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9 Tips for College Students To Reduce Info Fraud Risks

Steps You and Your College Student Can Take to Reduce the Risks of Info Fraud and Identity Theft
Presented by CollegeTipsForParents.org

College Students are frequently the victims of information fraud. The victims’ parents are often asked to help fix the financial mess and spend considerable time untangling the administrative issues.

Identity thieves often know their victims; either directly or indirectly. Thieves might be their dorm-mates, friends, siblings of friends, classmates, co-workers, current or ex-boy/girlfriends, friends from extra-curricular activities, etc.

Names, addresses, birthdates, social security numbers, account numbers, and other personal data are valuable commodities on the underground market. An ex-boyfriend could easily possess all of this info. In fact, he might even know inside information such as passwords, PIN number, mother’s maiden name, etc.

What are some of the reasons young people are frequently victimized?:

-Casual attitude about taking precautions.
-Naive about security and safety.
-Trusting (often because they have never been swindled before).
-Less likely to review their credit report for unusual activity.

According to MoneyManagement101.com , parents should talk to their kids about identity theft and information security. Although the following tips may seem obvious to experienced adults, a surprising number of young people don’t follow some of the following basic guidelines.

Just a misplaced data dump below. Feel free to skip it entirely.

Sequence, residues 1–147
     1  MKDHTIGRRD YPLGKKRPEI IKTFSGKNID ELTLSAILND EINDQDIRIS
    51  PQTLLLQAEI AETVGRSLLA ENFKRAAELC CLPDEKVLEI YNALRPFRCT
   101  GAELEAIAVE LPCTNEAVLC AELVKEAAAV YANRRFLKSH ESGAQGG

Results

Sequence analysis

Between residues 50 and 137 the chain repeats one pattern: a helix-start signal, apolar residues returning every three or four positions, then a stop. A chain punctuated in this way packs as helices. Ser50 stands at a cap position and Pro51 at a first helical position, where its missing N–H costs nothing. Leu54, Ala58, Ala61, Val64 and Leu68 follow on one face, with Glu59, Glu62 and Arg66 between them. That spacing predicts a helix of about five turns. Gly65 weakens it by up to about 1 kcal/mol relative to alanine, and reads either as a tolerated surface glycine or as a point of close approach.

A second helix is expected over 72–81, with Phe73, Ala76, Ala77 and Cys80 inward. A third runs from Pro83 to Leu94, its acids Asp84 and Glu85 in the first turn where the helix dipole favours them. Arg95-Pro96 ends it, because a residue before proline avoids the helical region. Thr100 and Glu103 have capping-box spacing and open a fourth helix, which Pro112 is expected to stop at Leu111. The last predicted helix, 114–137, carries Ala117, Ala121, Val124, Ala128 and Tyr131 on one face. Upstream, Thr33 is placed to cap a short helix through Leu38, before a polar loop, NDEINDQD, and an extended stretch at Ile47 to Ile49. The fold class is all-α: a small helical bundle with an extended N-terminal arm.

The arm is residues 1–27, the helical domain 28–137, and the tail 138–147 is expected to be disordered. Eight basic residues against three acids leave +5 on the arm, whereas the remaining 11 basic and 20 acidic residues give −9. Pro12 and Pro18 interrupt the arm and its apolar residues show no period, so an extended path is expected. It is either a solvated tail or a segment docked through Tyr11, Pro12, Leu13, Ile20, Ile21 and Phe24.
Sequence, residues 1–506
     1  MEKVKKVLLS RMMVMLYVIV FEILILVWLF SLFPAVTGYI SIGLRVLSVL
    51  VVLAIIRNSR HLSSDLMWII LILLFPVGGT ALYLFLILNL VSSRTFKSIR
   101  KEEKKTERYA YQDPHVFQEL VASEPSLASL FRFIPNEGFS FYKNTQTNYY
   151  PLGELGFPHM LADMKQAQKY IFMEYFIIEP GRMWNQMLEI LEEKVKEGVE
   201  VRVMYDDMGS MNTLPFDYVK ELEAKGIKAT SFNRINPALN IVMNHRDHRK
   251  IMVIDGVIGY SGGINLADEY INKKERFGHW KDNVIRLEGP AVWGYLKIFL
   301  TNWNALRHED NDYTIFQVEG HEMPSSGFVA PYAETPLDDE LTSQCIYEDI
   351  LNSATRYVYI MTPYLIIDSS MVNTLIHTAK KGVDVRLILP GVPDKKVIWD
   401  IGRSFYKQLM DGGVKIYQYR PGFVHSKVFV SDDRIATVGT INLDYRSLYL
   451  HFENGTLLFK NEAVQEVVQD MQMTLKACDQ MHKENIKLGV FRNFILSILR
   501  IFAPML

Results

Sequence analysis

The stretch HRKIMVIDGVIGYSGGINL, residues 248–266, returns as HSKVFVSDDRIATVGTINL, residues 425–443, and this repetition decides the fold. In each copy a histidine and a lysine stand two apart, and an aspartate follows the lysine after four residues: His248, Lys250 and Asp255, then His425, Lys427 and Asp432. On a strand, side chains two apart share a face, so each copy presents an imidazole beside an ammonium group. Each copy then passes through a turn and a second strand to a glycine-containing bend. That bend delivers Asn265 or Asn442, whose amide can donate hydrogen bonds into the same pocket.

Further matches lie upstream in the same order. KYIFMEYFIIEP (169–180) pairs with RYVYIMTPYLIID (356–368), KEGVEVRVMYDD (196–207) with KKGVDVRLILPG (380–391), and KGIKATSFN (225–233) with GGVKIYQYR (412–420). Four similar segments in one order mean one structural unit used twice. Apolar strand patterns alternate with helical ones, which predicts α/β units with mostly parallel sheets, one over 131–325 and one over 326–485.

-Never lend your credit card or debit card to anyone, and never share your password.
-Do not print your driver’s license number, birth date, or social security number on your checks.
-When you write a check at a store, don’t allow the store to confirm your check by writing in your credit card number.
-Do not put outbound mail in your mailbox for your postal carrier to pickup. Take your mail directly to a US postal mailbox.
-If your credit card or ATM card is lost or stolen, alert your bank/credit card issuer immediately.
-Avoid using passwords or PIN numbers that might be easy for a thief to figure out (i.e. avoid birth dates, common names, etc.
-Shred any financial documents or anything containing sensitive information before putting them in the trash.
-Always check your credit card statement for charges you did not make.
-Order a copy of your credit report at least once per year. Look out for creditors on your statement that you never applied for.

We will feature additional tips and suggestions on CollegeTipsForParents.org in the near future.